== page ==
What's Wrong With Starbucks' Pumpkin Spice Latte?

You might want to think twice about Starbucks' Pumpkin Spice Latte.

Anyone who's wandered the aisle of a Trader Joe's has noticed the explosion of pumpkin foods and beverages. According to Nielsen, as of late August 2018, pumpkin-flavored products were already flying off the shelves, bringing in $6.9 million in sales — all before the official start of the fall season. And the popular flavor shows no signs of stopping: Products labeled as pumpkin-flavored have already seen an increase of 15.5 percent in sales from 2017.


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One of the most widely-known fall pumpkin dishes is none other than Starbucks' Pumpkin Spice Latte, or PSL. Launched in 2003, the PSL is now a very popular teenager, with a social media presence to match. In fact, Adweek reported that Instagram photos of Starbucks' pumpkin spice lattes are receiving 493% more likes per photo than other shots tagged with #Starbucks. There's no denying that the PSL is a cultural phenomenon, but what's actually hiding underneath that picture-perfect foamy drink?


The PSL: A Nutritional Disaster?

Please don't shoot the messenger, but Starbucks' Pumpkin Spice Latte contains 50 g of sugar, twice as much as an actual slice of pumpkin pie! Personally, I'd rather eat the pie...
Image Credit: ReneYoshi/iStock/Getty Images

While its volume might look more manageable compared to a slice of pumpkin pie, the PSL can be deceiving. A grande Pumpkin Spice Latte (or 16 oz.) with 2 percent milk and whipped cream equals a setback of 380 calories and 50 grams of sugar. That's two times as much sugar as a slice of pumpkin pie.


As for its actual contents, the PSL boasts carrageenan and mono- and diglycerides. Say what? Carrageenan is a food additive made from seaweed and commonly used as a thickener or emulsifier in packaged foods such as ice cream, almond milk and coconut milk. It has also been connected to inflammation and gastrointestinal issues.


Mono- and diglycerides are a Mono- and diglycerides are a type of incomplete fat that is added to processed foods to help bind the ingredients and/or increase the shelf life. They're created from an animal source (derived from a pig or cow), a vegetable source (usually canola or soybean oil) or may be synthetically produced.

Read more:Starbucks' Pumpkin Spice Latte Nutrition Information

The Money Issue

Prepare this latte at home and you can make sure it will be free of carrageenan and mono- and diglycerides!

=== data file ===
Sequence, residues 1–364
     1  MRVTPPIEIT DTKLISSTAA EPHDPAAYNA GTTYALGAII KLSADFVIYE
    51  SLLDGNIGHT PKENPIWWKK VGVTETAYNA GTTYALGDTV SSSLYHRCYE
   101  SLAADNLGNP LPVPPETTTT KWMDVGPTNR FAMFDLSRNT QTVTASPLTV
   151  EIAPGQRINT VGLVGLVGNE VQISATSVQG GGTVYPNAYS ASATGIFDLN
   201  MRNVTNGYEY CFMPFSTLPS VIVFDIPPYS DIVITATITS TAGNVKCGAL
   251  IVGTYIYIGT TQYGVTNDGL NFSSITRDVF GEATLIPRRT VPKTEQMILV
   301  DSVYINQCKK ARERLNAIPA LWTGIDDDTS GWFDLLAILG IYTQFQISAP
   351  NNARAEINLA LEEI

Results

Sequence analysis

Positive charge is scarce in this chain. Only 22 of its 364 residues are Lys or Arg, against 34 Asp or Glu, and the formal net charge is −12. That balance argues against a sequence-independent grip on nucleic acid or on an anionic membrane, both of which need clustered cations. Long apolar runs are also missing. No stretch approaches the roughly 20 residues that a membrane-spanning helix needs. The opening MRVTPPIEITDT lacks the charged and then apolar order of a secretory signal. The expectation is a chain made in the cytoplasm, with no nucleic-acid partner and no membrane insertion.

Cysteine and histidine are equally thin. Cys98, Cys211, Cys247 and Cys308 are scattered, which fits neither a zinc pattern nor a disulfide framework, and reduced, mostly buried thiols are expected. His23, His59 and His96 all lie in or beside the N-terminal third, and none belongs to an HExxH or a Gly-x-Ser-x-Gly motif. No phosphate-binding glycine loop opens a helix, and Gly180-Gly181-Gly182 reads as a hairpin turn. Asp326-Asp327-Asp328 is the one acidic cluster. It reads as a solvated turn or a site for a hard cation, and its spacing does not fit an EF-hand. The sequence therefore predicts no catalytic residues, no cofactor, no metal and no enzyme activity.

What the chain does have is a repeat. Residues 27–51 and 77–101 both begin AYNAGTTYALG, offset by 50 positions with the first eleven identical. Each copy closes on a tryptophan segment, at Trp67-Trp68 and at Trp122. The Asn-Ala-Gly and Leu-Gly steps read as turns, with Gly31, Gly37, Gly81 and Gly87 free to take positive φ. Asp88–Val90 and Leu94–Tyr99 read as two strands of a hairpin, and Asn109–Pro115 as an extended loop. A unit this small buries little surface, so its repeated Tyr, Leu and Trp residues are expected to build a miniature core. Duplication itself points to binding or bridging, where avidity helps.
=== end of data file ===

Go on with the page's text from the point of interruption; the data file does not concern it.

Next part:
A Pumpkin Spice Latte will generally set you back between $4.25 to $4.45 for a 12-ounce, or tall, drink. With 89 days in the fall season, drinking one PSL every day for $4.25 per drink would mean $378 dollars per season down the pumpkin drain.

Want to take a more DYI approach to your seasonal cravings? Bloggers such as Lindsay Nixon of Happy Herbivore and Genevieve of Mama Natural have created their own version of the treat — and inspired the LIVESTRONG team to create a delicious 125-calorie pumpkin spice latte recipe that vegans and non-vegans can both enjoy.

Read more:There's a Scientific Reason We're Obsessed With Pumpkin Spice

An Easy, Healthy Homemade Pumpkin Spice Latte

This homemade pumpkin spiced latte recipe contains 125 calories and 15 grams of sugar.
Image Credit: lacaosa/Moment Open/Getty Images

This recipe will make one grande-sized latte that contains 125 calories and 15 grams of sugar. To see the carbs, fat and protein content, you can view this recipe in LIVESTRONG.COM's free food and recipe tracker.


  • 2 ounce double espresso shot
    * 1 cup organic unsweetened vanilla almond milk or coconut milk (check the ingredient list and make sure you choose a brand that doesn't contain carrageenan) OR if you're not vegan, 1 cup organic milk
    * 4 tbsp organic pumpkin puree
    * 1 tbsp real maple syrup
    * 1/4 tsp pumpkin pie spice (or your own mixture of cinnamon, nutmeg, ginger and clove)
    * 1/8 tsp organic vanilla extract


NOTE: If you don't have an espresso maker, you can use 4-6 ounces of very strong coffee.

  1. When you have your coffee ready, add the pumpkin, spices, vanilla extract and maple syrup to a mixing glass or blender and mix together. When smooth, remove from blender and pour into mug.
  2. Froth your almond milk using the frother on your espresso machine OR if you don't have an espresso machine, put your milk into a saucepan and cook at medium heat until it's simmering. Pour into the blender and blend on high until it gets frothy.
  3. Pour the milk into a coffee mug carefully, using a spoon to hold the froth back, then spoon the froth on top.

Hungry for more pumpkin? Check out these recipes:

Gluten-Free 2-Minute Paleo Pumpkin Microwave Muffins
4 Yummy 200-Calorie-or-Less Pumpkin Treats
Gluten-Free Paleo Pumpkin Pie